In A Philosophy of International Law (1998), Fernando Tesón argues, as R2P does, that states are part of a dual obligation. According to Tesón, our moral and governing principles require us to never treat others as means to an end. Because “states are artificial creations to serve human needs,” he argues that they also “must embody and incorporate a formula of respect for persons — a bill of rights.” The notion that states derive rights from those who are members means that state governments are not de facto meritorious of political sovereignty. Those that violate the most basic human rights standards do not meet qualifications for protection from interference.
The Constitutive Act of the African Union, adopted July 11, 2000, stipulates that the Union reserves the right, “to intervene in a Member State pursuant to a decision of the Assembly in respect of grave circumstances, namely war crimes, genocide and crimes against humanity.” Despite this, many African Union countries have been unwilling to support or assist the International Criminal Court’s effort to prosecute Sudan’s President, Omar al-Bashir, for war crimes and crimes against humanity in Darfur.
In 2001 the concept of R2P, entailing foreign intervention when governments are unable or unwilling to protect their populations from genocide, was constructed to respond to what was deemed international failure to stop genocide in Rwanda, Bosnia and Herzegovina, and Kosovo.
That year, the crises of the 1990s led the International Commission on Intervention and State Sovereignty (ICISS) to publish the first call for a Responsibility to Protect in 2001. “The Responsibility to Protect” defined R2P as the responsibility of a state to protect those within its borders from serious harm, and an international responsibility when that government is unable or unwilling to fulfill its own responsibilities. It also attempted to balance rights of humanitarian intervention with those of state sovereignty.
The drafters of R2P focus on the notion that the political rights of sovereignty entail a certain governmental responsibility to protect citizens from mass rape and murder. The ICISS report outlines a Responsibility to Protect doctrine stating that when there is “large scale loss of life, actual or apprehended, with genocidal intent or not, which is the product either of deliberate state action, or state neglect or inability to act, or a failed state situation; or large scale ‘ethnic cleansing,’ actual or apprehended, whether carried out by killing, forced expulsion, acts of terror or rape,” there is just cause for outside actors to militarily intervene.
In a 2002 issue of Foreign Affairs, Gareth Evans, former Australian Foreign Minister and co-chair of the International Commission on Intervention and State Sovereignty, outlines the dual responsibility of states created by R2P: governments have a responsibility to protect the basic human rights of their citizens, but if sovereign governments fail this responsibility, other governments may take action in extreme cases.
According to Evans, the evolution from humanitarian intervention to R2P involves required precautionary steps creating a narrow avenue for intervention. R2P requires that actors have “right intention,” using force as a “last resort,” and use “proportional means” with “reasonable prospects.” Evans also authored a 2008 book, "The Responsibility to Protect: Ending Mass Atrocity Crimes Once and For All," which responds to critics of R2P by outlining the responsibility it places on those who intervene.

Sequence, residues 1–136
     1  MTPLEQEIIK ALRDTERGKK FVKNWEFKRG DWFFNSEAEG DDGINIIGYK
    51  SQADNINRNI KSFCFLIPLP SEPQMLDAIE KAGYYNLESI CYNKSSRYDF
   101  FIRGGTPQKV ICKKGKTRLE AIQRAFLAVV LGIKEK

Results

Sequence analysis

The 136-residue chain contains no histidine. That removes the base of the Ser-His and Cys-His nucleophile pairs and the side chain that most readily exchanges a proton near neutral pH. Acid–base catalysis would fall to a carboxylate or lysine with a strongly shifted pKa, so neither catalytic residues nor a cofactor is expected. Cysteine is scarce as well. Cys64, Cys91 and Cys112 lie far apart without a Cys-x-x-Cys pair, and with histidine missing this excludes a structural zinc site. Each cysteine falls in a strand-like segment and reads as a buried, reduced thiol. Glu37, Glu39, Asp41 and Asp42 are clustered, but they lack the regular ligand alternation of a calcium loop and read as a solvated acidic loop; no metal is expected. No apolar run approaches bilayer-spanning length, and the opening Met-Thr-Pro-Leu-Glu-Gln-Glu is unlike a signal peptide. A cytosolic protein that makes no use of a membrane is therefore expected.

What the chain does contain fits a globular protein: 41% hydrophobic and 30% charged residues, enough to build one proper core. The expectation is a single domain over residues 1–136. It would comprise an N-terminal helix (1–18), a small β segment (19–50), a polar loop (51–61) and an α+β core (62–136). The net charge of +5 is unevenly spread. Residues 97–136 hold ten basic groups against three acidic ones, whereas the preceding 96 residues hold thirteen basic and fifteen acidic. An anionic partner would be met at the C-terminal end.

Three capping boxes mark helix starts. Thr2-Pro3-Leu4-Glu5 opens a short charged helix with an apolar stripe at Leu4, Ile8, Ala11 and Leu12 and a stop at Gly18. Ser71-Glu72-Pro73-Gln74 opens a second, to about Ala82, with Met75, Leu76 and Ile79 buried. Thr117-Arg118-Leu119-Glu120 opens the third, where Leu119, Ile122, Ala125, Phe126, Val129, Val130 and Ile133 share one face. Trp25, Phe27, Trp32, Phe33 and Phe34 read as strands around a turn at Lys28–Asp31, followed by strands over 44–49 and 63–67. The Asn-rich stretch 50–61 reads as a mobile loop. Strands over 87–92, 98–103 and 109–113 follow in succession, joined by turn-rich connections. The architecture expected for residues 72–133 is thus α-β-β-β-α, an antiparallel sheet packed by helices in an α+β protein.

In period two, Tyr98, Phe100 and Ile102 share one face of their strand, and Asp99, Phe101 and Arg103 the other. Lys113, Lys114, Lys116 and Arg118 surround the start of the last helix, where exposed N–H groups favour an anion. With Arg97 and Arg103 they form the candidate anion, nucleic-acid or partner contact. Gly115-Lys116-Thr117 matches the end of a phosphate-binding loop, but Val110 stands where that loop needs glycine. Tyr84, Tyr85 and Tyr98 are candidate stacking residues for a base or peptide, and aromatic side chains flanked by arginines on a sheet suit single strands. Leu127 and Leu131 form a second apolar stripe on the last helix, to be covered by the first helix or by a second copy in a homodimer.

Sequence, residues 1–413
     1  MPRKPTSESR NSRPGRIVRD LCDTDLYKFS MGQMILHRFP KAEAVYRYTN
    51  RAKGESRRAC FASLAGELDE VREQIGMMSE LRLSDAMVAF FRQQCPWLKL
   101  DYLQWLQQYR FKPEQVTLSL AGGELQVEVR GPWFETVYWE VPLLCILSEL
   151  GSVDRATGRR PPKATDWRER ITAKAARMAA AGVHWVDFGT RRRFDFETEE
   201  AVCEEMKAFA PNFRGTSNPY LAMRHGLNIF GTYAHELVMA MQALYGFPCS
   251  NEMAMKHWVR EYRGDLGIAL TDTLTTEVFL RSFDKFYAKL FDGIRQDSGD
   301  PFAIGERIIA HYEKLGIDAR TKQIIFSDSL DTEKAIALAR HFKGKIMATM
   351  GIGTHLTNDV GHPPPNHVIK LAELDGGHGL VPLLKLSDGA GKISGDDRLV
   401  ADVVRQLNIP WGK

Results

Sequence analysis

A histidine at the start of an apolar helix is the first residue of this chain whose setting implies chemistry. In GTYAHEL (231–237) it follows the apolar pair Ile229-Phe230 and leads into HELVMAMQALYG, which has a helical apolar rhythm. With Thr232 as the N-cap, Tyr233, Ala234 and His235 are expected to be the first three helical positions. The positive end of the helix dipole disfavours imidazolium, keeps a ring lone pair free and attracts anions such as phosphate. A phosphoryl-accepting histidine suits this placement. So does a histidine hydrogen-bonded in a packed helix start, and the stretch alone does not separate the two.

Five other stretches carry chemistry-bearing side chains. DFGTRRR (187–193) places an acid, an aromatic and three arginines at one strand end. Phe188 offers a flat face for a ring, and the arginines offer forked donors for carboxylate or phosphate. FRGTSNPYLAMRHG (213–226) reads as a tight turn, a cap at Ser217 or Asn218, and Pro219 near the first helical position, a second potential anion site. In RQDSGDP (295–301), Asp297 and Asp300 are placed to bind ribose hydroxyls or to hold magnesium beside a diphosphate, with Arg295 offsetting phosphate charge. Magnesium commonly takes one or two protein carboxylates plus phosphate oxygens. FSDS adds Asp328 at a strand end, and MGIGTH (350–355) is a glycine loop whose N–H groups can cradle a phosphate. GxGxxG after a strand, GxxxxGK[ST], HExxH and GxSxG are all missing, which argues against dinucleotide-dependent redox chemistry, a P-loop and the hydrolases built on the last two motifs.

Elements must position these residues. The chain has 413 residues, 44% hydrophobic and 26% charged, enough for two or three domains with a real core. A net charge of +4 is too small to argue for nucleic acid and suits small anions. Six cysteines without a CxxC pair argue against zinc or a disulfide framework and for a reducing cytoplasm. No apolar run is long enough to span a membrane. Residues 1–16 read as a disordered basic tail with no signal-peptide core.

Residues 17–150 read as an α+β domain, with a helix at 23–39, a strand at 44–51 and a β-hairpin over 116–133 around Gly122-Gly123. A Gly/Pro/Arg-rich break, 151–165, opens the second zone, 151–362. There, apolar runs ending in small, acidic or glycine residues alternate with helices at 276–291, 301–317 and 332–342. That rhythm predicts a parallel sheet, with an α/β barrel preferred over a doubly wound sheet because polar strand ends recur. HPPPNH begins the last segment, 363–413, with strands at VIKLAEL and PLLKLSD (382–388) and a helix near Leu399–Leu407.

United Nations Resolution
In September 2005, during the 60th session of the UN General Assembly, 191 heads of state and government representatives unanimously endorsed a resolution supporting the Responsibility to Protect doctrine. Responsibility to protect and how to implement it has since become immensely controversial in the international community.
The Current Debate
In recent months the unanimous support of R2P in the United Nations from 2005 has begun to splinter. In July 2009, the sitting President of the General Assembly Miguel d’Escoto Brockmann, who views the doctrine of Responsibility to Protect as an excuse for stronger countries to intervene in others, reopened the debate on R2P in the absence of Secretary-General Ban Ki-moon.
In “Responsibility to Protect: Political Rhetoric or Emerging Legal Norm?” (The American Journal of International Law, Vol. 101, No. 1, 2007; login may be required), Carsten Stahn, Director of the Grotius Centre for International Legal Studies, examines why the concept of R2P began losing support despite the fact that it was initially so successful, arguing that the doctrine lent itself to “be interpreted by different actors in different ways, and partly as ‘old wine in new bottles.’
Four outside commentators, including U.S. scholar Noam Chomsky and Kenyan novelist Ngugi wa Thiong'o, were invited to open discussion on R2P in the General Assembly. One of these opening speakers, Belgian Jean Bricmont, author of Humanitarian Imperialism (2006), argued that R2P, like humanitarian intervention, would be manipulated by those with political power.
Bricmont contrasted the American and British claims of humanitarian intervention in Vietnam or Iraq with the Western opposition to Russia’s similar claims in the Georgian provinces of South Ossetia and Abkhazia.
As in the Corfu Channel case, he argues that, "national sovereignty is a partial protection of weak states against strong ones. Nobody expects Bangladesh to interfere in the internal affairs of the United States to force it to reduce its CO2 emissions because of the catastrophic human consequences that the latter may have on Bangladesh. The interference is always unilateral.” (Read Bricmont’s opening speech.)